An unaccepted Rule 68 offer of judgment is a legal nullity, even if the defendant tenders the full amount of the plaintiff's claim after a judgment, according to a new opinion from the U.S. Court of Appeals for the Second Circuit.
The opinion is one of several to interpret the U.S. Supreme Court's decision in Campbell–Ewald Co. v. Gomez, which left open the possibility that certain unaccepted Rule 68 offers might effectively stop a putative class action.
Post-Judgment Tender Results in Dismissal of Case
In Radha Geismann, M.D., P.C. v. ZocDoc, Inc., ZocDoc, a Delaware corporation, allegedly sent two unsolicited faxes to Geismann, a Missouri medical corporation, advertising a "patient matching service" for doctors. Unhappy with the faxes, Geismann filed a class action lawsuit in Missouri state court accusing ZocDoc of violating the Telephone Consumer Protection Act.
Geismann filed a motion for class certification the same day that it filed the complaint. Geissmann told the court that the motion was intended to head off any attempts by ZocDoc to "pick off" the sole class representative with an offer to settle the representative's individual claims. After ZocDoc removed the case to the U.S. District Court for the Eastern District of Missouri, Geismann's concern materialized. ZocDoc made an offer of judgment to Geismann pursuant to Federal Rule of Civil Procedure 68 for an amount of money that, in ZocDoc's view, surpassed what Geissman could hope to recover individually at trial. Geismann rejected the offer.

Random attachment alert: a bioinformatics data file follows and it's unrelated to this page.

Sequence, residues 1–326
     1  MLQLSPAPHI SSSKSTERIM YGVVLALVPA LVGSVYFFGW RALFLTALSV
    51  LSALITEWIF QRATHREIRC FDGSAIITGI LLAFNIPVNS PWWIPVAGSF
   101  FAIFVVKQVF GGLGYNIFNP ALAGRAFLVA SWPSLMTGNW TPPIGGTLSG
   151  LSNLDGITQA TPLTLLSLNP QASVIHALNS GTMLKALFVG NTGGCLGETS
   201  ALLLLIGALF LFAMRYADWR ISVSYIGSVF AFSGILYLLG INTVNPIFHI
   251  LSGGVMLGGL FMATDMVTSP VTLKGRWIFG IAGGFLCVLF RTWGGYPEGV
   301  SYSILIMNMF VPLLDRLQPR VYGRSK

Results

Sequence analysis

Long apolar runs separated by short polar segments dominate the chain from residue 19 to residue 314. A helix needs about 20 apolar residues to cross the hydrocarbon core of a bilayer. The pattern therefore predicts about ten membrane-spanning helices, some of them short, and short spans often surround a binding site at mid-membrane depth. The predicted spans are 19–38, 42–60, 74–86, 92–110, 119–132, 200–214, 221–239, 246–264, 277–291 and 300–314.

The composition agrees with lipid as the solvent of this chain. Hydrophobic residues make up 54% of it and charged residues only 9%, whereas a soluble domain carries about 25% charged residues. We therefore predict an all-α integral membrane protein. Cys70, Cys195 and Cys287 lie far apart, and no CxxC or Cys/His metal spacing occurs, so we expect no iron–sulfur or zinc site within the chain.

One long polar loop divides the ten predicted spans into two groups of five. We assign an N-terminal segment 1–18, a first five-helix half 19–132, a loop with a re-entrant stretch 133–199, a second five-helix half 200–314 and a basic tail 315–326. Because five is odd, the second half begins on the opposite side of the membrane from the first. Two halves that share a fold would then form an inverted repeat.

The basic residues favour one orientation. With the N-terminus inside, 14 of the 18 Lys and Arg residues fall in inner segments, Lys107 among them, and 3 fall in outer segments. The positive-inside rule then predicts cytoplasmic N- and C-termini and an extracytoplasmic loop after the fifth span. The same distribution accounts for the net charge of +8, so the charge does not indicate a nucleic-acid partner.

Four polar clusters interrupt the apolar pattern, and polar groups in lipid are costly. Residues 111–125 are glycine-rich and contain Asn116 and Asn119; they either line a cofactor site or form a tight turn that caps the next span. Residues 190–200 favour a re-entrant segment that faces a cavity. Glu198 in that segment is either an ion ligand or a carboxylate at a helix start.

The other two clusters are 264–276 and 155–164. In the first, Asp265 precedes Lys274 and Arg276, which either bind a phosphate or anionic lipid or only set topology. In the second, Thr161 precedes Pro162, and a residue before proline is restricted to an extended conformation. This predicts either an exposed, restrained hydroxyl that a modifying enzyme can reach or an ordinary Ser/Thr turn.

ZocDoc successfully transferred the action to the Southern District of New York and moved to dismiss the action for lack of subject matter jurisdiction. The court granted the motion, holding that the rejected offer would have afforded Geismann complete relief on its individual claims and therefore rendered the entire action moot, notwithstanding the pending class certification motion. The court entered judgment in Geismann's favor and dismissed the action.
Dismissal Is Reversed on Appeal
Geismann appealed. While the appeal was pending, the U.S. Supreme Court decided Campbell-Ewald Co. v. Gomez. In a majority opinion authored by Justice Ruth Bader Ginsburg, the Court held that an unaccepted settlement offer is a legal nullity with no operative effect. The Court specifically declined to decide whether the result would be different if a defendant deposited the full amount of the plaintiff's individual claim in an account payable to the plaintiff, and the court then entered judgment for the plaintiff in that amount.
Seizing on this language, ZocDoc requested permission from the district court to deposit a check in the amount of the judgment with the district court clerk. There the money sat until the U.S. Court of Appeals issued an opinion reversing the district court's judgment. The appellate court concluded that Campbell-Ewald controlled the outcome and that ZocDoc's unaccepted offer was a legal nullity. ZocDoc's post-judgment deposit with the district court clerk did not change that result, said the appellate court, because the deposit was made aftera judgment that should not have been entered in the first place.
Courts Reach Varying Results Following Campbell-Ewald